The trial court dismissed the petition, finding that Elliott had not stated a claim upon which relief could be granted in that he did not allege facts demonstrating the existence of a justiciable controversy. The trial court also stated that even if a justiciable claim had been established, there was no violation of his equal protection right and Elliott was not entitled to release.
In reviewing the dismissal of a motion for declaratory judgment, we accept as true all well-pleaded facts and inferences. State Farm Fire & Casualty Co. v. Alberici, 852 S.W.2d 388, 389 (Mo.App.1993). In testing for sufficiency of a petition, we look to see whether the parties demonstrate an entitlement to a declaration of rights or status based upon the pleaded facts. Teat v. Director of Revenue, 806 S.W.2d 754, 757 (Mo.App.1991). In Missouri Dep't of Social Services v. Agi-Bloomfield Convalescent Center, Inc., 682 S.W.2d 166, 168 (Mo.App.1984), this court stated the requirements:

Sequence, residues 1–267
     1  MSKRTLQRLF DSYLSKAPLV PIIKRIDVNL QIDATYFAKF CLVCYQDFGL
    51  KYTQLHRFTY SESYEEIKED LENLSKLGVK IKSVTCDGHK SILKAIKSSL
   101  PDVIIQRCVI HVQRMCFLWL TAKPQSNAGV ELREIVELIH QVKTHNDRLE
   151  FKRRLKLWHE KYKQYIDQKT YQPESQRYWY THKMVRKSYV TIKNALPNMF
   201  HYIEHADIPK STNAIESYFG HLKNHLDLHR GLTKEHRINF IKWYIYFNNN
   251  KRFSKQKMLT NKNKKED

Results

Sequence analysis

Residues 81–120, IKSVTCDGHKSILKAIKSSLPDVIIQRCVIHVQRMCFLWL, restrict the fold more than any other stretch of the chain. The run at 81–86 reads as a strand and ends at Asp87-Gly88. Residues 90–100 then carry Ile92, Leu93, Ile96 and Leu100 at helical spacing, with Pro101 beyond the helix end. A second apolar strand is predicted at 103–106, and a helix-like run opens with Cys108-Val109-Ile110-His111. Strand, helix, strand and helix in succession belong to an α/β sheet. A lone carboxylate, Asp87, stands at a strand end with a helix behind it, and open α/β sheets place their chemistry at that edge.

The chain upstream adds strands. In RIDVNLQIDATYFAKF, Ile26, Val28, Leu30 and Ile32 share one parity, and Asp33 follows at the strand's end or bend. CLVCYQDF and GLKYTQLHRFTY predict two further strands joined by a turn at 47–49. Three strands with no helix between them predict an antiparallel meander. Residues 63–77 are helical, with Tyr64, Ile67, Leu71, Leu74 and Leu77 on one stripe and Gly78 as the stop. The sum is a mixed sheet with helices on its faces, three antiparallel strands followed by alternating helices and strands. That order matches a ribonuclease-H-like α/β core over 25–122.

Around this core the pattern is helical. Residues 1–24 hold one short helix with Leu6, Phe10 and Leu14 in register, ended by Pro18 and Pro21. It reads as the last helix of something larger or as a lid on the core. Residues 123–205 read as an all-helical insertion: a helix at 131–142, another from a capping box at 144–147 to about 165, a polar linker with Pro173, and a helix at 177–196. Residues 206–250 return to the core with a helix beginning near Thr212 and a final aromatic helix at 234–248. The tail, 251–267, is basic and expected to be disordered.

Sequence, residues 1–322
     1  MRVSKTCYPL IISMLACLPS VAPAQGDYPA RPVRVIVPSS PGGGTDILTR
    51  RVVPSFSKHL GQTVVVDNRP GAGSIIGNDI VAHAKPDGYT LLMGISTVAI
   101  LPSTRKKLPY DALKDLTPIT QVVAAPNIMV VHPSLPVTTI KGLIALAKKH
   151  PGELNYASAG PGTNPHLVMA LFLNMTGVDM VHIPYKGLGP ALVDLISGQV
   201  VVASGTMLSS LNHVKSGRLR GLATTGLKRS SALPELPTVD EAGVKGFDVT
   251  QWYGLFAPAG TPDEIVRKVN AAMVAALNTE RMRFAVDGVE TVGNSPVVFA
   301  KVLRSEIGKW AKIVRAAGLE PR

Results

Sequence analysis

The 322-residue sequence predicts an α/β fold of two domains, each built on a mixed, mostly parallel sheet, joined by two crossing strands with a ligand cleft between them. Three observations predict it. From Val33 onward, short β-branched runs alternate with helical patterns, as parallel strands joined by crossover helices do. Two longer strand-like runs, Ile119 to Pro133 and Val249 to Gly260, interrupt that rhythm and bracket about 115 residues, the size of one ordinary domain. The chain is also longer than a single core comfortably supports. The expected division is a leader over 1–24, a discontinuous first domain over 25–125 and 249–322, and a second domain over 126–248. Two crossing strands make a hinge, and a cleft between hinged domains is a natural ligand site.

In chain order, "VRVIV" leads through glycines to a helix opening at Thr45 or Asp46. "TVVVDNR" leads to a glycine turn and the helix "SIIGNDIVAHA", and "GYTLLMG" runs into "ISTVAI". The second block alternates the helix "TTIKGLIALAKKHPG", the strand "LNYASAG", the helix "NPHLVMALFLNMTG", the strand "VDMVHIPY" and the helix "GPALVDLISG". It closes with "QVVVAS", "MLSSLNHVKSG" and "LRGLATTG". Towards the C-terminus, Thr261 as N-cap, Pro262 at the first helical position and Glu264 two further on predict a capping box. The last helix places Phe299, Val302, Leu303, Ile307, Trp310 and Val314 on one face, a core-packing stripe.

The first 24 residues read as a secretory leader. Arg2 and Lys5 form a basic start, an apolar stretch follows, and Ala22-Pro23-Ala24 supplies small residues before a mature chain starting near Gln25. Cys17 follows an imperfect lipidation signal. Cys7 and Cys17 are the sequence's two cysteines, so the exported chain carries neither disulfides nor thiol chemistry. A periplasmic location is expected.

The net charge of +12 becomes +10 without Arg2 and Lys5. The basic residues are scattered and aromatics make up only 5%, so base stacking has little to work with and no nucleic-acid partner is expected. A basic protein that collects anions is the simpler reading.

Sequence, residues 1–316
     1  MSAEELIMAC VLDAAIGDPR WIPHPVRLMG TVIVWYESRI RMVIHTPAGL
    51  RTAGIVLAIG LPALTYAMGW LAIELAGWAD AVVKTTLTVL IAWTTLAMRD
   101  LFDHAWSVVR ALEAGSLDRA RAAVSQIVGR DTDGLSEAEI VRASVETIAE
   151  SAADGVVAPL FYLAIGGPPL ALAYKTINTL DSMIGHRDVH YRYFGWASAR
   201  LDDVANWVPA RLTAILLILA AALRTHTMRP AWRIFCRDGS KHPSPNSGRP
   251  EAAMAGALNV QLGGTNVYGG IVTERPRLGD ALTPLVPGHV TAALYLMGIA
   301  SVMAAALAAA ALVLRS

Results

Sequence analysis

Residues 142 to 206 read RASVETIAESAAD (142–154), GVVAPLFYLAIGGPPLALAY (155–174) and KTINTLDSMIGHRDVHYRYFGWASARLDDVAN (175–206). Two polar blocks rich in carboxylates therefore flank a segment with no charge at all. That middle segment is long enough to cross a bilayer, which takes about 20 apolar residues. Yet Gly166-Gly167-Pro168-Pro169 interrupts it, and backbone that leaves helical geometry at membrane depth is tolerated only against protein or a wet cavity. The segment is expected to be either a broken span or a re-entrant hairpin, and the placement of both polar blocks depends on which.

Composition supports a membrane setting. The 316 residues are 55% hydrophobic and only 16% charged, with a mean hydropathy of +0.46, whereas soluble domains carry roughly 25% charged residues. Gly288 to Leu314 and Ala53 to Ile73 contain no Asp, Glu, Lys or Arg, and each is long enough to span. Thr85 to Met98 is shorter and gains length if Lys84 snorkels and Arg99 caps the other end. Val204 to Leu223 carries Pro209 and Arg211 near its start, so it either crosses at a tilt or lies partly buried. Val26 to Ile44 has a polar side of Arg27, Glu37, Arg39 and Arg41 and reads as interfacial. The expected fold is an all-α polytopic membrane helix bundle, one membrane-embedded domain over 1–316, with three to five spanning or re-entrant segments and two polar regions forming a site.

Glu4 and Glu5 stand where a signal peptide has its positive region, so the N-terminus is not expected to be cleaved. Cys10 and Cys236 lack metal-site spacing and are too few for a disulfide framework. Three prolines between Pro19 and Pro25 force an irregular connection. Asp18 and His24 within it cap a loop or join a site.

One, facts must be alleged showing a subsisting justiciable controversy between the parties admitting of specific relief by way of a decree of a conclusive character, as opposed to a mere advisory decree upon a hypothetical state of facts. Two, facts must be alleged showing that the party or parties seeking declaratory relief have a "legally protectable interest at stake." Three, facts must be alleged showing that the question or subject posed for declaratory relief is appropriate and ripe for judicial resolution.